Jakarta (ANTARA) - Technology and research results have an important role in developing the halal industry sector in the country, acting deputy for research and innovation utilization at the National Research and Innovation Agency (BRIN), R. Hendrian, has said.

In the State of the Global Islamic Economy (SGIE) Report in 2022, Indonesia has ranked second in the world as a user of halal products, he noted.

However, Indonesia’s halal product exports account for only 3.8 percent of the world's halal market.

"This inequality requires technology and innovation encouragement to make it easier for business actors to produce competitive local halal products," Hendrian said in a statement received by ANTARA in Jakarta on Monday.

Public awareness of halal products has continued to grow globally with the products even becoming a lifestyle choice, he said adding, Indonesia has been no exception as the country with the largest Muslim population in the world.

"The high demand for halal products encouraged the development of the halal industry, which later developed into a new perspective in business development," Hendrian said.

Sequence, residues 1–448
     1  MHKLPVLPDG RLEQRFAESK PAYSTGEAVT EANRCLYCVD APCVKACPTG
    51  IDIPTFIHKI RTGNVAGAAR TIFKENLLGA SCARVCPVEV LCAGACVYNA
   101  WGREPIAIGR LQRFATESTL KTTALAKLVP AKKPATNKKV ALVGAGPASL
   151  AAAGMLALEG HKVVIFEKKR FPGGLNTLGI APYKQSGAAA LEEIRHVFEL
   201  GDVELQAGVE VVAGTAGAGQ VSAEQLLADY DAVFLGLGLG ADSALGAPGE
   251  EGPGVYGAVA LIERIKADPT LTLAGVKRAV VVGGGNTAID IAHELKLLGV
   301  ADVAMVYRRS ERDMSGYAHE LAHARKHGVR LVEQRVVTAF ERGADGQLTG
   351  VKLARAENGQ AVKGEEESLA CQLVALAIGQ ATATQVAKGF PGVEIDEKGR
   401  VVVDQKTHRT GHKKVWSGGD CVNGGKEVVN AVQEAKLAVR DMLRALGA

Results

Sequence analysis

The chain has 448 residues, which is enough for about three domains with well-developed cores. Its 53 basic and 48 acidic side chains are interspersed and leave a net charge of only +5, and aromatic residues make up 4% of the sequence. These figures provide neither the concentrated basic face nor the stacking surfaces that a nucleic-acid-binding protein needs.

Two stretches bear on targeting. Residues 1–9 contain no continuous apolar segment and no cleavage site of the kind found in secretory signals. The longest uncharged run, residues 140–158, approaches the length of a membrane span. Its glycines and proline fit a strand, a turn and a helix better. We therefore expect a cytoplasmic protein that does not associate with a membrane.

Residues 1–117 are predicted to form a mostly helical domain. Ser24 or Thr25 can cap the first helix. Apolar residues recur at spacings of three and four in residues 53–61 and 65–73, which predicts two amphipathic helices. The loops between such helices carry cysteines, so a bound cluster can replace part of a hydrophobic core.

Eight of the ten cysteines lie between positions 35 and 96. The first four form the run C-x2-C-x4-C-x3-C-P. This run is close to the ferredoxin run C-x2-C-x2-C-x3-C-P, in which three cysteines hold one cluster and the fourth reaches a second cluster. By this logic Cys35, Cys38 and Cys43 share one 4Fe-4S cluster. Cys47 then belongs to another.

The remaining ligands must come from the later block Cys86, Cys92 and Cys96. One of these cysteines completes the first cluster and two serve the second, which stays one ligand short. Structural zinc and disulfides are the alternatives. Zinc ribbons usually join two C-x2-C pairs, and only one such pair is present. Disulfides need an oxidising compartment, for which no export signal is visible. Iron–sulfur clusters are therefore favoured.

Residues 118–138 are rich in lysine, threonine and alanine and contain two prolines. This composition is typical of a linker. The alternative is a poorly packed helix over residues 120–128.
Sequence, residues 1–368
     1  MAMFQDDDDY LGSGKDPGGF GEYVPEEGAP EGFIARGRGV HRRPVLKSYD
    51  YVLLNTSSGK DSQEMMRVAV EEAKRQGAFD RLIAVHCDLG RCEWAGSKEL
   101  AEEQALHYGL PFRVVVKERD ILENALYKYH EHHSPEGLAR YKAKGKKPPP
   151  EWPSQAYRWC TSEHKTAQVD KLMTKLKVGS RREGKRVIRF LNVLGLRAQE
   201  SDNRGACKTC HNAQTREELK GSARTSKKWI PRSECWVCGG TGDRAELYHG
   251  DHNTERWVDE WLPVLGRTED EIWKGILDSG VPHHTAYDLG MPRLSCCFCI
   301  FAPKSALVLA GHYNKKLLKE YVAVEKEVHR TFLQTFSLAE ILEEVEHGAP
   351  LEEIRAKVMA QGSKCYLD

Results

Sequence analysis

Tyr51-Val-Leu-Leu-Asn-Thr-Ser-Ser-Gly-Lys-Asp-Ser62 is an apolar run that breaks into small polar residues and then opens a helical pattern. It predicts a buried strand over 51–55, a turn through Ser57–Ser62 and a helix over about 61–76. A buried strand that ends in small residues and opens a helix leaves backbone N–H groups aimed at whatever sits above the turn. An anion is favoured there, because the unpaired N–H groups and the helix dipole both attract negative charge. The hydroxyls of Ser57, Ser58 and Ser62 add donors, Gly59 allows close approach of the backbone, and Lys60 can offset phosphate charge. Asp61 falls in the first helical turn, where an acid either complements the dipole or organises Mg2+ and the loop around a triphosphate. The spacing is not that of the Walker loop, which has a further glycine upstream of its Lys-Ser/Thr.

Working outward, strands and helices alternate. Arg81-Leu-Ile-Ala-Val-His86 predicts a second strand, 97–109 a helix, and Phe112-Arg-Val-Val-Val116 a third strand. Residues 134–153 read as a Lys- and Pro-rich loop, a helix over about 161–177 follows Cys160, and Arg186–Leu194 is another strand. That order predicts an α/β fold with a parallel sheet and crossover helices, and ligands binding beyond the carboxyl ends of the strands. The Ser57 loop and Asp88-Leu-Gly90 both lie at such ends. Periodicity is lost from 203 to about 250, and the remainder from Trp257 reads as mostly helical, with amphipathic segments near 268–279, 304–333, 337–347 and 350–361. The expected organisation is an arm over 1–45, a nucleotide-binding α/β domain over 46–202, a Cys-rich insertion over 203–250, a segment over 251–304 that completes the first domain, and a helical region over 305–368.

Therefore, BRIN has produced various research and innovation results to support the halal industry, especially in applied research that can be utilized by business actors and the public, for example, food packaging methods, halal detection tools for several types of foods, and alcohol detection tools.

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BRIN has also invited technology producers to collaborate with business actors for developing the national halal industry sector.

Head of the Food Technology and Process Research Center at BRIN, Satriyo Krido Wahono, said that halal research is still being carried out at BRIN with a number of focuses, such as material detection and innovation in the development of substitute materials.

"When the (material) is still raw, there has been detection research and there is the Indonesian National Standard (SNI). The gold standard analysis is already there. But when it has been processed, it has undergone structural changes, there are difficulties to detect. This is a concern to be developed further," he said.

The future target for halal research is to enable fast detection but zero tolerance for non-halal content, he added.

In addition, BRIN is focusing on research on the substitution of halal materials or imported materials.

According to Wahono, technological innovation is needed to replace imported materials, which are currently dominating the market with local products remaining unexplored, for instance, maritime products.
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Translator: Martha H, Azis Kurmala
Editor: Suharto
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